It is very common for longer repeated sections of music to be repeated exactly until the last few measures. A piece with this time signature would be "in three four time" or just "in three four". Two four time Three eight time Six four time. Flags are often replaced by beams that connect the notes into easy-to-read groups.
Four sixteenths equal one quarter and so on. A dotted quarter note, for example, would be the length of a quarter plus an eighth, because an eighth note is half the length of a quarter note.
Unlike the key signature, which is on every staff , the time signature will not appear again in the music unless the meter changes. When this happens, the repeat dots will be put in an ending. This is the incorrect assumption you're making.
And why are you 3 grades behind in theory anyway?
See the chart below which examines the subdivision. It is simply 1 Sixteenth note 2 beams on the stem joined to an Eighth note 1 beam on the stem joined to another Sixteenth note 2 beams on the stem! Powered by Solo Build It! Meters in 6, 9, and 12.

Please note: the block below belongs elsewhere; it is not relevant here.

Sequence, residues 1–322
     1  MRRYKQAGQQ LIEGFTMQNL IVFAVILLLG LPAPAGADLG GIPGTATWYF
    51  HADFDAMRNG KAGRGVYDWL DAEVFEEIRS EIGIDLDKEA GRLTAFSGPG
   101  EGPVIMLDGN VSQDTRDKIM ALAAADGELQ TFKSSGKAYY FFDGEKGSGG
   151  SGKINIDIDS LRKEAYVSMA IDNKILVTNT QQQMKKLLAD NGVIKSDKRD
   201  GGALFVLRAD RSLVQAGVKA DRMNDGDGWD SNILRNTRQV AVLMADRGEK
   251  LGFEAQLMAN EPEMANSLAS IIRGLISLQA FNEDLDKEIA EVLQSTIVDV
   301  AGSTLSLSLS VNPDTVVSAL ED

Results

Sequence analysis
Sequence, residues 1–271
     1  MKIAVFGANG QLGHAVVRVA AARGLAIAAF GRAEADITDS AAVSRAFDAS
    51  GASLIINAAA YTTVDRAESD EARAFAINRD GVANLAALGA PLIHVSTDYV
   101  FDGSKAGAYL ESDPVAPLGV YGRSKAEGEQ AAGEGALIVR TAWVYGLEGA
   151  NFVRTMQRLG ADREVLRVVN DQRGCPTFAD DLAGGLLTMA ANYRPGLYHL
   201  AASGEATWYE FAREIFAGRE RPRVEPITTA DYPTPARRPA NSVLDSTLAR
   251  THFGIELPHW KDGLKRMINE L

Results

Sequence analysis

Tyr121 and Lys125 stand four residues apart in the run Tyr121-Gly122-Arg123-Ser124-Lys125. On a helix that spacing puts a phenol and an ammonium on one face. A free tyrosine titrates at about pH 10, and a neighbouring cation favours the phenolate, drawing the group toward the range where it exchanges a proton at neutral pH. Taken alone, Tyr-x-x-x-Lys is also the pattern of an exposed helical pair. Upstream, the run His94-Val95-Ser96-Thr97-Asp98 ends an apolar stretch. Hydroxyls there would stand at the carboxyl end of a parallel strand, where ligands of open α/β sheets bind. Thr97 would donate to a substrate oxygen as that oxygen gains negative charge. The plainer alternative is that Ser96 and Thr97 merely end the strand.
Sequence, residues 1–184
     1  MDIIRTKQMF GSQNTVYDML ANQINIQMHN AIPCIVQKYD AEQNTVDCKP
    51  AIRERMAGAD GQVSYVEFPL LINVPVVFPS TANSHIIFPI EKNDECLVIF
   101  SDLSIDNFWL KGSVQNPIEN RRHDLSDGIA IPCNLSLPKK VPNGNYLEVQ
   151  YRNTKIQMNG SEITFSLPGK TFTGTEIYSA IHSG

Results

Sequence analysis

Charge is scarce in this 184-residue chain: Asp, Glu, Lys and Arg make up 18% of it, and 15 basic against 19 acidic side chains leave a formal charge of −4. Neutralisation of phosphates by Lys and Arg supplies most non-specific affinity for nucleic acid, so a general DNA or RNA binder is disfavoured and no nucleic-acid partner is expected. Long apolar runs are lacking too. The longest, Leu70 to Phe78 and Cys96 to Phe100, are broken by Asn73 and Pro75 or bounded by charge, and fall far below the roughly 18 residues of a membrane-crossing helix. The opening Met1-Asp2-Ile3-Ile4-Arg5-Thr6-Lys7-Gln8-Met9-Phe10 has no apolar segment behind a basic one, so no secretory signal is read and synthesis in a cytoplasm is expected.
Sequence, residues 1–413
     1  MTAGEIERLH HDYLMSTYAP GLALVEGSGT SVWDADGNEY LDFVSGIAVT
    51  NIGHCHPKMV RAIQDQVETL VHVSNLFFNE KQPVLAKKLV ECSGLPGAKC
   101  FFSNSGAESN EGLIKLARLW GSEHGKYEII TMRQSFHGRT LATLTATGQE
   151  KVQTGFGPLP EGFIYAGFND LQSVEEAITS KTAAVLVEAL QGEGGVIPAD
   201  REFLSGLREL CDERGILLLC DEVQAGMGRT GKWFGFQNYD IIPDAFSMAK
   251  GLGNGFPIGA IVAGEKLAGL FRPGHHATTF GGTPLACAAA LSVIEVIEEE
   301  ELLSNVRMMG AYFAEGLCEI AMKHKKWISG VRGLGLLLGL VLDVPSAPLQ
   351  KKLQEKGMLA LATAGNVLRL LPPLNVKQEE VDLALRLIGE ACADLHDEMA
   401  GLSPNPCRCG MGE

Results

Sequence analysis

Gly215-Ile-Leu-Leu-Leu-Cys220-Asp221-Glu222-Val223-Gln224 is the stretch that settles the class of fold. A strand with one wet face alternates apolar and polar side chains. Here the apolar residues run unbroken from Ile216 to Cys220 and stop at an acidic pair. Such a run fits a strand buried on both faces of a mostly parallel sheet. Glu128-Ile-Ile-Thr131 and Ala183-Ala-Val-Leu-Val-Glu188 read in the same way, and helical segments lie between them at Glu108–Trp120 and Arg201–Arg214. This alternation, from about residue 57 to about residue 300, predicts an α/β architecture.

But, as Dom says below, a "whole-note" is only four-beats long when the time-signature equates to four crotchet quarter beats; i. Follow simonhorsey. All of these things affect how much time the note is given in the music.
The lines dividing each measure from the next help the musician reading the music to keep track of the rhythms. So why is one time signature chosen rather than another? The Whole note is the longest music note in general use today.
There are also half rests, whole rests, eights rests, sixteenth rests, etc.